Food & Drink

Raise a glass to/from the Germans

Published On 08/21/2012 Published On 08/21/2012

Germans have been brewing for longer than even Coloradans, and're now bringing to LoHi a tradition begun around 800 B.C. (Before Coors), with Prost. Authenticity is the word (so technically, the word is "die authentizitat!", yelled intimidatingly), achieved via a beer hall covered in mid-century Deutschland artwork and lined with long picnic tables, perfect for enjoying suds stewed in traditional copper kettles bought from a brewery in the homeland

Designed by a German brewing expert who won Gold last year at the GABF, their three core styles include

Altfr├Ąnkisches Dunkel Bier: As easy-drinkin' as it is hard...pronouncin'..., Altfr├Ąnkisc-- umm, it employs a recipe that came with those kettles, and is simply described as "smooth and malty flavored"

Wei├čbier: This unfiltered heffe comes from the same category in which its brewer won gold, so expect greatness, as well as banana and clove notes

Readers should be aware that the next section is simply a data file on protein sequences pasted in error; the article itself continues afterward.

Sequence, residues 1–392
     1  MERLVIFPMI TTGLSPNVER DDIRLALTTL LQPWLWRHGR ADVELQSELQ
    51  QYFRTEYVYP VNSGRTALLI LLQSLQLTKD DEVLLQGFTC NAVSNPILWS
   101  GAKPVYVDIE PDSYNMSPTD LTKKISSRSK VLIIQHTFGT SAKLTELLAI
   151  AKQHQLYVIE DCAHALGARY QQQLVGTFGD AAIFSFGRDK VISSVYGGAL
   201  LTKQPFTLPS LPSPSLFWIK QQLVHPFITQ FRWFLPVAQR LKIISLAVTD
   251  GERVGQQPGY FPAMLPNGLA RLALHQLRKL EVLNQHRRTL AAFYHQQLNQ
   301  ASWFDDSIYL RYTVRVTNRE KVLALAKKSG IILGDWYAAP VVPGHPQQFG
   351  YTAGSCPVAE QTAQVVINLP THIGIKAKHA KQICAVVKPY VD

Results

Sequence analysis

Prost Pils: The yeast for this slightly spicy & hoppy classic pilsner comes from a German monastery, so prepare to end your night chanting nonsense in a robe. Then the DU kids will ask you to leave their frat house

For sustenance, trucks'll rotate outside, running from Uber Sausage, to Chile Billy, to an in-the-works, beer-paired special menu from Stick It To Me, though proud Coloradan brewers would be quick to point out that not even centuries of European tradition can Stick It to U.S.

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1. Prost Brewing 2540 19th St, Denver, CO 80211 (Highland)

The beer at Prost Brewing is created inside an antique copper brewhouse, which basically means that it harkens back to an age of traditional German brewing. It also means that Prost's core beers, as well as its seasonals, are about as authentic as you can get without slapping on some lederhosen and taking a jaunt across the Atlantic.



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